I used to love Christmas as a child, then as the parent of a young child, but I don’t so much anymore. Dealing with family isn’t as easy as I wish it were. I still love the idea of Christmas however, and Christmas novellas are like tiny presents with all the Christmas spirit inside them. When they’re good, they hold everything I love about Christmas: the lights, the smells, hot chocolate and love. They might be a tad (or a lot) cheesy, but it’s Christmas, so it’s okay.
Brooke Hawkins left Noelle, Michigan, as soon as she could, fleeing both the town and her mother. Ten or so years later, just before Christmas, her mother’s death brings Brooke back. A snow storm derails her plans of sorting out her mother’s will before Christmas and getting away again as soon as possible. To make matters worse, Brooke gets into all sorts of arguments with Holly Jackson, owner of a bakery called Buns’n’Roses, the premises of which Brooke inherited and has agreed to sell to a spa company. Before her landlady’s death, Holly had finally been feeling like her life was on the right track again, five years after the accident that left her a widow and a single mother. She’s not ready to let anyone pull the rug from under her feet once again, especially not someone she hasn’t seen since high school and who doesn’t seem to care about the town she, herself, loves.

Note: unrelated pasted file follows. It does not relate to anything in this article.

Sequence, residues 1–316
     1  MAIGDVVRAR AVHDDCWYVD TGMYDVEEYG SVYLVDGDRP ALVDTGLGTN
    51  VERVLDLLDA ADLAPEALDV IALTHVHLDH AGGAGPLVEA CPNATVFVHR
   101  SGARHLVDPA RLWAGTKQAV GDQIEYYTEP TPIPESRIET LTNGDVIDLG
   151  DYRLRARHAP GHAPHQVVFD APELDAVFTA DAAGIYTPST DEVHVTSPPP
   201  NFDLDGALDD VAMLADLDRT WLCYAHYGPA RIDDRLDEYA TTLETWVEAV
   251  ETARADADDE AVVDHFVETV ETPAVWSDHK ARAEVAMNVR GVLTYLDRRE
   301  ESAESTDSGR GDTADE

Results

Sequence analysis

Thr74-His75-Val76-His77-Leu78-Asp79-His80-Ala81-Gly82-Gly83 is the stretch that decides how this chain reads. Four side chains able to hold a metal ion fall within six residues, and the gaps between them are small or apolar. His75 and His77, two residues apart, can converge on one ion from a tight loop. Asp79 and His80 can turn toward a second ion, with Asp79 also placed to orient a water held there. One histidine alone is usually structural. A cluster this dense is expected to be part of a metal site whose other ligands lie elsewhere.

A Town Called Noelle includes almost everything you’d want in a Christmas movie or novella. Brooke is the grumpy, standoffish character whose heart can only be melted (but not immediately) by Holly, the warm and fiery one. Of course, Brooke’s apparent coldness stems from pain inflicted on her by her bigoted and narcissistic mother, and the more she realizes the town is not as closed-minded as her mother made her believe it was, the more she opens up to its inhabitants, and to her feelings for one of them in particular.
If you’re looking for heartwarming and sweet, you’ve found it.